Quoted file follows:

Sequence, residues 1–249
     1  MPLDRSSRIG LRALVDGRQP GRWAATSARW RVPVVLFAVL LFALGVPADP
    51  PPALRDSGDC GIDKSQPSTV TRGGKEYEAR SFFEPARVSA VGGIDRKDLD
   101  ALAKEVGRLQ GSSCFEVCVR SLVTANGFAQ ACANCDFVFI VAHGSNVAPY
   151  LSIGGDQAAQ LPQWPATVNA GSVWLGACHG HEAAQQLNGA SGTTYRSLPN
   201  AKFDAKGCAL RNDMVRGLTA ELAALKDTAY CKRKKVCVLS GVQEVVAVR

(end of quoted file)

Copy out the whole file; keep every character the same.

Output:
Sequence, residues 1–249
     1  MPLDRSSRIG LRALVDGRQP GRWAATSARW RVPVVLFAVL LFALGVPADP
    51  PPALRDSGDC GIDKSQPSTV TRGGKEYEAR SFFEPARVSA VGGIDRKDLD
   101  ALAKEVGRLQ GSSCFEVCVR SLVTANGFAQ ACANCDFVFI VAHGSNVAPY
   151  LSIGGDQAAQ LPQWPATVNA GSVWLGACHG HEAAQQLNGA SGTTYRSLPN
   201  AKFDAKGCAL RNDMVRGLTA ELAALKDTAY CKRKKVCVLS GVQEVVAVR